For Cook, the people and the potlucks are a source of inspiration and satisfaction.
“This,” Cook says, surveying the circus lot from the top step of his cookhouse, “is the perfect environment.”
Then another face pops up at the cookhouse window. It’s show time.
Female performers in the Big Apple Circus had a tradition of starting the weekend with a “ladies’ night” after their Friday-evening performance. The dressing-room gathering frequently included chevre or goat cheese encrusted with crushed peppercorns, cumin seeds and mint. It’s adapted from “The Flag Is Up: International Red Nose Cookbook” (2010), a collection of recipes from circus cooks and chefs used as a fundraiser for the future Circus City Museum and Park Inc. in Hugo, Okla.
- 1 teaspoon toasted and crushed peppercorns
- 1 teaspoon toasted cumin seeds
- 2 to 3 tablespoons chopped fresh mint
- 6-ounce log chevre (goat cheese)
- 1 to 2 tablespoons olive oil
- Baguette or crackers
Toast peppercorns in a skillet over low heat for several minutes, stirring frequently to avoid burning. Transfer to pestle or food processor and crush. Meanwhile, toast cumin seeds in skillet until lightly browned, again stirring frequently. Combine with mint in shallow dish or plate, stirring to mix well.
Roll chevre in mixture to completely coat. Transfer to serving plate and drizzle with olive oil. Serve with crackers or thinly sliced baguette. If not serving immediately, wrap chevre in wax paper and refrigerate immediately. It will keep for 2 to 3 days.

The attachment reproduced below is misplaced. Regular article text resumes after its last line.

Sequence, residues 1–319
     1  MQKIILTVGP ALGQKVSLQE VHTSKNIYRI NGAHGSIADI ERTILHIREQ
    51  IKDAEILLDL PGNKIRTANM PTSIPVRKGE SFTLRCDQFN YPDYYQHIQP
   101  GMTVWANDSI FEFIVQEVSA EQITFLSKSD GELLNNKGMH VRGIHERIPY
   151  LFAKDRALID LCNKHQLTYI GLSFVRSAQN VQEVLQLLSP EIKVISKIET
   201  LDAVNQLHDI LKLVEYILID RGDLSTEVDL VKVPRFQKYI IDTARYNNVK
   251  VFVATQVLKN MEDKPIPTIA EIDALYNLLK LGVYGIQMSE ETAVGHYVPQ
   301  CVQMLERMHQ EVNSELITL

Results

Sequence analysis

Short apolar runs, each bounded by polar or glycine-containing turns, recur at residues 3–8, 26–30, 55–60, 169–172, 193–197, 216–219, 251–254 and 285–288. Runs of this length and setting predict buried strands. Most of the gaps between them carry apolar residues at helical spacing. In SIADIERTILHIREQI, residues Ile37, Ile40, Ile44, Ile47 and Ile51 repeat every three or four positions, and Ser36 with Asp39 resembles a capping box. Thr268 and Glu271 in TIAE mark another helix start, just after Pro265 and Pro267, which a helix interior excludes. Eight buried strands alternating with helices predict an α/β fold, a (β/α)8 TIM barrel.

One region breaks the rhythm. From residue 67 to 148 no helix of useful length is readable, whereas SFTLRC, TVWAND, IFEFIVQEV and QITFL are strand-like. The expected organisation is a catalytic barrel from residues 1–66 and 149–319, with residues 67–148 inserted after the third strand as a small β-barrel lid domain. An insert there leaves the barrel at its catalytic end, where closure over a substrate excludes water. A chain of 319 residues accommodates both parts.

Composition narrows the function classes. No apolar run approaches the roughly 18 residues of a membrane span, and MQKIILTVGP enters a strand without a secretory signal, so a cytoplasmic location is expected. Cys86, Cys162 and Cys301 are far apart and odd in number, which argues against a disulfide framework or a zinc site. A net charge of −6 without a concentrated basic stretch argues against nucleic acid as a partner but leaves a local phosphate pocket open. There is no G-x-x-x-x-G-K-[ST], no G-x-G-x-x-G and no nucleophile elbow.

American circuses often attract cast and crew members from outside the country. In Poland and elsewhere in Eastern Europe, chilled fruit soups take advantage of abundant summer produce. This adapted recipe, attributed to Beverly Royal, appears in "The Flag Is Up: International Red Nose Cookbook" (2010), a collection of recipes from circus cooks and chefs used as a fundraiser for the future Circus City Museum and Park Inc. in Hugo, Okla.
- 4 cups fresh raspberries
- 4 cups boiling water
- 1 cup dry white wine
- 1 tablespoon fresh lemon juice
- 1/4 teaspoon grated lemon zest
- 1/2 cup granulated sugar, or to taste
- Fresh mint leaves for garnish, if desired
Reserve 1/2 cup of the raspberries. Crush remaining raspberries and combine with boiling water, wine, lemon juice, zest and sugar. In heavy saucepan, cook over medium heat for 15 minutes, stirring frequently to prevent scorching. Remove from heat and chill at least 1 hour. Puree, using blender or immersion blender. Just before serving, garnish with remaining raspberries. If desired, also garnish with fresh mint leaves.
Chicken bathed in orange juice and chili pepper acquires a welcome tang in this recipe attributed only to Esperanza -- no last name mentioned -- of the Carson and Barnes Circus. The recipe is adapted from “The Flag Is Up: International Red Nose Cookbook” (2010), developed by various circus casts and crews as a fundraiser for the future Circus City Museum and Park Inc. in Hugo, Okla.
- 1 whole chicken, cut up
- 2 cups orange juice
- Whole black peppers, to taste
- 4 to 6 garlic cloves, or to taste
- 1 teaspoon ground chiltepin chili pepper, or to taste
- 1 medium red onion, sliced
Preheat oven to 400 F.
Place chicken in ceramic or other nonreactive baking dish. Mix together the orange juice and seasonings, to taste. Pour over chicken in the dish. Top with red onion slices. Bake for 30 minutes. Reduce heat to 350 degrees and cook 20 to 30 minutes longer, until meat is tender and juices run clear when the chicken is pierced with a fork. Serve immediately.